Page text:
According to Mark Sheldon of MLB.com, Reds closer Aroldis Chapman underwent surgery this evening to repair the fracture above his left eye which was suffered when he was hit in the face by a batted ball on Wednesday night.
During the two-and-a-half-hour procedure, Chapman had a metal plate inserted on the bone above his eye to help stabilize the fracture. While he’s expected to remain in the hospital for another day or two, Reds medical director Dr. Tim Kremchek said that he could begin working out in 10-14 days and progress to game conditions within 4-6 weeks.
Chapman also suffered a nose fracture and what was termed as a “very mild concussion,” but things obviously could have been much worse. The most important thing is his health, but it sounds like he could be back with the Reds by the end of May if all goes well.
The Braves have signed former football player and current outfielder Sanders Commings, an Augusta, Georgia native, to a minor league contract, Ken Rosenthal of FOX Sports reports.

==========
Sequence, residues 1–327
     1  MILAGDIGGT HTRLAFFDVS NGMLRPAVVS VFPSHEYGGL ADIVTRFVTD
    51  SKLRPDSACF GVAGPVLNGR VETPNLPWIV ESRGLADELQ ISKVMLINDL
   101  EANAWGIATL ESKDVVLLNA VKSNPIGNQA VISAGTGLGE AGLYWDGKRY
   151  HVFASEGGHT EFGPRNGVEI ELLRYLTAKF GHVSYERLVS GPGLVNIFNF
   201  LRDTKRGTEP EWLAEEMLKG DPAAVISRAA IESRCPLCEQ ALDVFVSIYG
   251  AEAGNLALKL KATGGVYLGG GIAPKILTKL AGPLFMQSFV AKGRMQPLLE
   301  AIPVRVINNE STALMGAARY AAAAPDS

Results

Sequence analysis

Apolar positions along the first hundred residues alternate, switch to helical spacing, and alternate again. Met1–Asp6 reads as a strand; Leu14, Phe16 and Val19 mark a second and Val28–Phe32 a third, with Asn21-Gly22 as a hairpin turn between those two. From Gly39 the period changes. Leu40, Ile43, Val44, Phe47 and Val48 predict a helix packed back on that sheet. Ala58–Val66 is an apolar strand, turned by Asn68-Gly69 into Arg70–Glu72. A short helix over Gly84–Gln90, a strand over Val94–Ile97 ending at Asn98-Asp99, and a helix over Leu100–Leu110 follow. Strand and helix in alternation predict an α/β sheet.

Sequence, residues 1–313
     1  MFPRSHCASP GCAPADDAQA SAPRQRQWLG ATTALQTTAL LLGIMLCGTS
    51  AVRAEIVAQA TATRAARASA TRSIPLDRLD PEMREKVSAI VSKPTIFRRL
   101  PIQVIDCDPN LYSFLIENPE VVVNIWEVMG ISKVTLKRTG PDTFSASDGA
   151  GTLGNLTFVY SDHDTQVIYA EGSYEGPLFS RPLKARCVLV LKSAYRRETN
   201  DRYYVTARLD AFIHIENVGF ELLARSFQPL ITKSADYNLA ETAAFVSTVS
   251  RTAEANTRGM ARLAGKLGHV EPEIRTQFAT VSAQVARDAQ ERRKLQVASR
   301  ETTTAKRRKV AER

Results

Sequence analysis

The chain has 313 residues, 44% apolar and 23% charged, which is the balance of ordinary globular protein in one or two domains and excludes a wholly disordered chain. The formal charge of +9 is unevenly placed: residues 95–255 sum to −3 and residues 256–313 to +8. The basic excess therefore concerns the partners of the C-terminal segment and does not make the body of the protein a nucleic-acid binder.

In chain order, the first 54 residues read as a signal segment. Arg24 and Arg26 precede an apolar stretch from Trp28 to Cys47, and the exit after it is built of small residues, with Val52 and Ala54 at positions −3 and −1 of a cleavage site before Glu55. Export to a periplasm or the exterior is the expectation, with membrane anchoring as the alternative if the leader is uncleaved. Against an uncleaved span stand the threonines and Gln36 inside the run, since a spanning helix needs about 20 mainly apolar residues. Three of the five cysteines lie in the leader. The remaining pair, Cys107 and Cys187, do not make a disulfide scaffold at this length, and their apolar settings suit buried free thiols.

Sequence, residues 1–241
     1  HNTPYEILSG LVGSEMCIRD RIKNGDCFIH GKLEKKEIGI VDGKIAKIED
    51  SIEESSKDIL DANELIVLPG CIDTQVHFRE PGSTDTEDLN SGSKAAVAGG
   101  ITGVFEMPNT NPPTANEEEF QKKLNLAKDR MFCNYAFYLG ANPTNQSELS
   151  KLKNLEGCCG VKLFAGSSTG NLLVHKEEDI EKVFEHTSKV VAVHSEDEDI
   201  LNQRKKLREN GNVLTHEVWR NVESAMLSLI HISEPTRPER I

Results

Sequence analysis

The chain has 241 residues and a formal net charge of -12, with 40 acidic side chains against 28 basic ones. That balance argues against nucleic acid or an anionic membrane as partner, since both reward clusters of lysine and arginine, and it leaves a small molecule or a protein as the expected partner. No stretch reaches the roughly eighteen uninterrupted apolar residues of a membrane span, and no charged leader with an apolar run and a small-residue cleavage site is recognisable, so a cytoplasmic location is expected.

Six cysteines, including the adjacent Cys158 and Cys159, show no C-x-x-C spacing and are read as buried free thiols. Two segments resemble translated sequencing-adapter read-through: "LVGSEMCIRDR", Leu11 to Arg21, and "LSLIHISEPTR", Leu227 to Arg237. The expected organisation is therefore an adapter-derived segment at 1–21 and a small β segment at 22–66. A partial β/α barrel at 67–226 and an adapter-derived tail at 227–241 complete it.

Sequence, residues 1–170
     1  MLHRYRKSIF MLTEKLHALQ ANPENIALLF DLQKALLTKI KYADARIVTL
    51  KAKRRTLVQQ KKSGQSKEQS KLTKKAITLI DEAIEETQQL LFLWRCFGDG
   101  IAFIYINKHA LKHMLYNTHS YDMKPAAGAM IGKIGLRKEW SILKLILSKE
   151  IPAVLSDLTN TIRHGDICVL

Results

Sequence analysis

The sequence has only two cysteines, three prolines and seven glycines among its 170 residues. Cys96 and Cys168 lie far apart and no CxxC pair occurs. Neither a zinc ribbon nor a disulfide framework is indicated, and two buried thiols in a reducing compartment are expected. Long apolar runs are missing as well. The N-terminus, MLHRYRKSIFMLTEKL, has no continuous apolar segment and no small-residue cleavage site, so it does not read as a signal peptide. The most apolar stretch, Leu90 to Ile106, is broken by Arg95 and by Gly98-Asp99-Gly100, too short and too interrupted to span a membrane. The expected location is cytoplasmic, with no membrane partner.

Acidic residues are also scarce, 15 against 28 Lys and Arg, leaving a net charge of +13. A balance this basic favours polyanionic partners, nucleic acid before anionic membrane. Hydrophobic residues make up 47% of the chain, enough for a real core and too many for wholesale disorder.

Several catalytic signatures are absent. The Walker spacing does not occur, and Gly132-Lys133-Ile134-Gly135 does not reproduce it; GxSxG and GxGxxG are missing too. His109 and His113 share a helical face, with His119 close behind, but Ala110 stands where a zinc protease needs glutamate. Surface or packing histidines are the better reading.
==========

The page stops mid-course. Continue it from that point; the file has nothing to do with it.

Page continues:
Commings, 26, was a defensive back who played for the University of Georgia before being selected by the Chiefs in the fifth round of the 2013 draft. He appeared in two games in the 2013 season.
Commings also played baseball for Westside High School and was selected by the Diamondbacks in the 37th round of the 2008 draft. He chose to attend the University of Georgia instead. When football didn’t pan out, Commings started training with Jerry Hairston, Jr. Hairston said he was “blown away” when he saw Commings hit for the first time.
Obviously, Commings’ path to success as a professional baseball player will be long, but it’s a no-risk flier for the Braves. The club has past experience with football players, including Deion Sanders and Brian Jordan.
The next task for the Braves will be to acquire Ryan Goins from the Blue Jays. That way, players will look at the lineup card each day to see if it’s Commings or Goins.
On Thursday afternoon, Rays pitcher Chris Archer asked his Twitter followers, “Lots swirling around what needs to be changed about the game of baseball. What do y’all want to see changed, if anything, & why?”
Tigers ace Justin Verlander responded:
To that, Archer said:
For what it’s worth, Verlander hasn’t been much of a hitter. In 47 career plate appearances, he has three singles and no extra-base hits. And if the AL did get rid of the DH rule, the Tigers would have nowhere to put Victor Martinez. Verlander, though, would have an easier time pitching to opposing pitchers rather than their DH’s.